Tunnel opponents buoyed by L.A. rejection

Advocates of the underground option point out the three-year study of 710 extension remains underway.

September 02, 2012|By Adolfo Flores and Daniel Siegal
  • The Los Angeles City Council voted unanimously on Aug. 28, 2012, to oppose construction of a tunnel extending the Long Beach (710) Freeway from Alhambra to the Foothill (210) Freeway in Pasadena.
The Los Angeles City Council voted unanimously on Aug.… (Raul Roa/Staff…)

Local residents battling the proposed extension of the Long Beach (710) Freeway are watching hopefully as pressure rises on transportation officials to jettison plans for a 4.5-mile tunnel connecting the 710 to the Foothill (210) Freeway.

But the decision is more than a year away, and activists are girding for everything from a lobbying battle to a lawsuit.

On Tuesday the Los Angeles City Council voted unanimously to oppose a tunnel, joining South Pasadena, La Cañada Flintridge and Glendale in taking a stance against the project. The council also rejected routes — including a highway along Avenue 64 — that previously had gotten the thumbs down from the Pasadena City Council.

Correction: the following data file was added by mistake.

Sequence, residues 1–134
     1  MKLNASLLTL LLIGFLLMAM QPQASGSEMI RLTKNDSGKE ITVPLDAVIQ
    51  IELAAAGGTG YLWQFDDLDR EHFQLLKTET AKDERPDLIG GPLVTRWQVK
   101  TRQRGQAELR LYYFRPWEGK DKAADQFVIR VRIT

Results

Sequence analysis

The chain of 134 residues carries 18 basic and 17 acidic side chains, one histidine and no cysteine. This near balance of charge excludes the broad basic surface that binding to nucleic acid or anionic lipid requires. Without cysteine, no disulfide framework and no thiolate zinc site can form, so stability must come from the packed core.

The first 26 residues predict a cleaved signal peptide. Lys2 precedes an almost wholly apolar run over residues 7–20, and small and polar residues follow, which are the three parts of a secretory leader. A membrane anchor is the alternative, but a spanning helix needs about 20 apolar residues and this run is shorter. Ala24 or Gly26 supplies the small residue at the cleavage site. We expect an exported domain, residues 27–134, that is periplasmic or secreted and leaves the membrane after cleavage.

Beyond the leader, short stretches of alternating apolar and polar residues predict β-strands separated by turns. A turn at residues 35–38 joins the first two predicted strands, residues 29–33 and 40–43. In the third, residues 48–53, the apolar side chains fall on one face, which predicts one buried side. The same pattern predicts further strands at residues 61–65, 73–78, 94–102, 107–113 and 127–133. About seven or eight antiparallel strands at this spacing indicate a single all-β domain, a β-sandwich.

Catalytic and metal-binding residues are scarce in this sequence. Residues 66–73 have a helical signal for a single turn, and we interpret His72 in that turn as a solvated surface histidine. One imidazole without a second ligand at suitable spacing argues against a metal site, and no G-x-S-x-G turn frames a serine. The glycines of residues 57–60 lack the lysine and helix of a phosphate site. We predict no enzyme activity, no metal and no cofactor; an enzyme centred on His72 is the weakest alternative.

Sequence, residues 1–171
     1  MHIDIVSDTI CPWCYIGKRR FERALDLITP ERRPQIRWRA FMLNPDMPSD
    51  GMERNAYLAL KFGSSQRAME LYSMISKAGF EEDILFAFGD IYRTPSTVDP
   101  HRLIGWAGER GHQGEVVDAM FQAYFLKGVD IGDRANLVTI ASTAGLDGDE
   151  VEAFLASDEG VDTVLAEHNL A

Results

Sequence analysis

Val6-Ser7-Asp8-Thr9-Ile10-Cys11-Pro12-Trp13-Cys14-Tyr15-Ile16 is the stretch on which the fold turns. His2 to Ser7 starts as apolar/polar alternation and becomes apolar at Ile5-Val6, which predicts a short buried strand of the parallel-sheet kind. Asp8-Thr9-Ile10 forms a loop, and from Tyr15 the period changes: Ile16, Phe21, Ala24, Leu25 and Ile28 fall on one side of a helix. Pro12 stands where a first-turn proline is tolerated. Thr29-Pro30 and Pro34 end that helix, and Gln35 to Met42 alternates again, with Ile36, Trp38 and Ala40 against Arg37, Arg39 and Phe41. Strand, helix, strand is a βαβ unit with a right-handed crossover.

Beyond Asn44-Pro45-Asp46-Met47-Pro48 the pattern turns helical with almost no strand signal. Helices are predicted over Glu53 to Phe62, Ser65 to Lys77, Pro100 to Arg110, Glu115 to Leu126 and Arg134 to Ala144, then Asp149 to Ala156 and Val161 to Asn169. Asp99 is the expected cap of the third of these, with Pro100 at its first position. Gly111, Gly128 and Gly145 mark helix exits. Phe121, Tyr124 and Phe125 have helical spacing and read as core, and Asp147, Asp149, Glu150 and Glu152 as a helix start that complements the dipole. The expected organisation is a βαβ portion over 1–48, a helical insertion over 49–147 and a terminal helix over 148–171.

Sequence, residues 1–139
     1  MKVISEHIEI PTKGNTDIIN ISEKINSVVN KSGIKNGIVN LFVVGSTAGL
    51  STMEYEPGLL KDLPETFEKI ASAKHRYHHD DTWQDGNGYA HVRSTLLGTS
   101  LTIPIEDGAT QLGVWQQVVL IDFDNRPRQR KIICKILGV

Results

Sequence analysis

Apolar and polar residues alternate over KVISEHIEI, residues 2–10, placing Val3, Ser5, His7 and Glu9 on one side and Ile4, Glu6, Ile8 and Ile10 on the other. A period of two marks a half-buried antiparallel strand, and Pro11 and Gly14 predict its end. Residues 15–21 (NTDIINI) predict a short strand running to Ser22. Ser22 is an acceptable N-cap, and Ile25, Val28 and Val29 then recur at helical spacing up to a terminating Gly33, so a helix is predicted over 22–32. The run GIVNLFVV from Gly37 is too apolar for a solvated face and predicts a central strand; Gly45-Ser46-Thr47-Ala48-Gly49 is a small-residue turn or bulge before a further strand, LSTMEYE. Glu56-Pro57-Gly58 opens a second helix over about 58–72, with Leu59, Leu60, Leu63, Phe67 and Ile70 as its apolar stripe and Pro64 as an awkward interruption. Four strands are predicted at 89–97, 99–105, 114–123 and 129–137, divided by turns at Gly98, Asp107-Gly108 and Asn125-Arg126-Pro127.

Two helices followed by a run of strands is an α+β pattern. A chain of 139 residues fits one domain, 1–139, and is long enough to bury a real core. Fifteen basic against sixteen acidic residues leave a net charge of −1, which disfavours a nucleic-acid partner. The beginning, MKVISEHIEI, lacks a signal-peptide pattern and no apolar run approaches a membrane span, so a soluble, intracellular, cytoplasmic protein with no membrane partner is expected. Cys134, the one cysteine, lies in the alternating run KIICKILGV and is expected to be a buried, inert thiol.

While L.A. city leaders rejected the tunnel, the MTA has kept it as one of the five remaining alternatives under review in an ongoing environmental study. Other options include light rail and street upgrade projects in the region.

L.A. City Council Councilman Jose Huizar said he wanted transportation planners to understand they will have to come forward with more details about the tunnel.


“We decided to add [the tunnel to the resolution] to put a burden of proof on Caltrans and Metro to show us that it makes sense,” Huizar said. “We as a city, and any other public agency, should not take for granted the communities that would be impacted the most, as Metro and Caltrans has.”

Longtime opponents of the 710-210 connector were pleased to see the Los Angeles City Council weigh in.

Jan SooHoo, a La Cañada Flintridge resident and member of the No 710 Action Committee, said she hopes MTA will abandon the option of extending the 710. She and other opponents say the tunnel would generate truck traffic, pollution and noise throughout the region.

She noted that Huizar and Glendale City Councilman Ara Najarian, an outspoken critic of the tunnel, are on the 13-member MTA board that eventually will vote on the 710 project.

“I'm hoping Huizar will be able to convince more of his colleagues on the Metro board to leave the dark side and come over and see the light,” she said.

But SooHoo tempered her expectations.

“Huizar and Najarian have in the past been the two strongest opponents on the Metro board, and yet the project has marched forward,” she noted.

The L.A. City Council vote, she said, “can't hurt. How much it will help, we'll have to wait and see.”

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